Chamber leads push for copyright enforcement bill

A coalition of 359 companies and associations, led by the U.S. Chamber of Commerce, will send a letter Thursday to every member of Congress urging them to pass legislation to combat online copyright infringement.

The groups argue that online piracy destroys American jobs and confuses consumers.

“These rogue sites—those websites dedicated to counterfeiting and piracy—put American jobs, consumers, and innovation at risk,” the groups wrote.

{mosads}The letter itself does not mention the Protect IP Act, an anti-piracy bill that passed the Senate Judiciary Committee earlier this year, but the Chamber of Commerce referred to the measure in a press release announcing the letter.

“Rogue sites legislation, such as the Senate’s Protect IP Act, is an absolute necessity to address this scourge of the online marketplace,” said Mark Elliot, executive vice president of the Chamber’s Global Intellectual Property Center, in the release.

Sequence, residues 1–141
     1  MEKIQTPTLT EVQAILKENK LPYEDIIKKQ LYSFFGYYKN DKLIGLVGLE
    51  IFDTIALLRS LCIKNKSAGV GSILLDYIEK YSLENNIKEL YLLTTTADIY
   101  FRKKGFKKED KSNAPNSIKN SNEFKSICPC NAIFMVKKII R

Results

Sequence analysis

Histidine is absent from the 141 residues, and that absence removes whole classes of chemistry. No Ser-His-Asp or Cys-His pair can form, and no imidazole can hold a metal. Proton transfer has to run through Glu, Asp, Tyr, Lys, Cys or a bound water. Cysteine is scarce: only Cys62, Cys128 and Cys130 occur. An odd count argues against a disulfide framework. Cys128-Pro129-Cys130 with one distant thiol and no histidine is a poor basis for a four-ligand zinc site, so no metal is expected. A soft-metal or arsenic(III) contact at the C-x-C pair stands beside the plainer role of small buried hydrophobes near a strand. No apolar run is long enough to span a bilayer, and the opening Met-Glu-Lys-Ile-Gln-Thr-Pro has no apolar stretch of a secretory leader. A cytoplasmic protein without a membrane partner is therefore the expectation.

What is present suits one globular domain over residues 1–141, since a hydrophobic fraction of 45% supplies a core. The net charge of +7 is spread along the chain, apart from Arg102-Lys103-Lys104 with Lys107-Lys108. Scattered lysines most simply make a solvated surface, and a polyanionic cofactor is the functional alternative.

The coalition includes major companies such as Comcast, Ford Motor Company, Major League Baseball and Wal-Mart, as well as smaller businesses.

Brian Napack, president of Macmillan, a publishing company and one of the letter’s signers, said online intellectual property theft hurts his industry.

“The rampant theft of books on illegitimate money-making websites across the Internet denies authors the right to earn a living from their creative work,” he said.

The Protect IP Act would give the Justice Department the authority to shut down websites “dedicated to” copyright or trademark infringement.

But Internet freedom advocates argue the measure would give the government too much power to censor websites. Sen. Ron Wyden (D-Ore.) placed a hold on the bill in May.

“I understand and agree with the goal of the legislation, to protect intellectual property and combat commerce in counterfeit goods, but I am not willing to muzzle speech and stifle innovation and economic growth to achieve this objective,” he said in a statement announcing his hold. “The collateral damage of this approach is speech, innovation and the very integrity of the Internet.”

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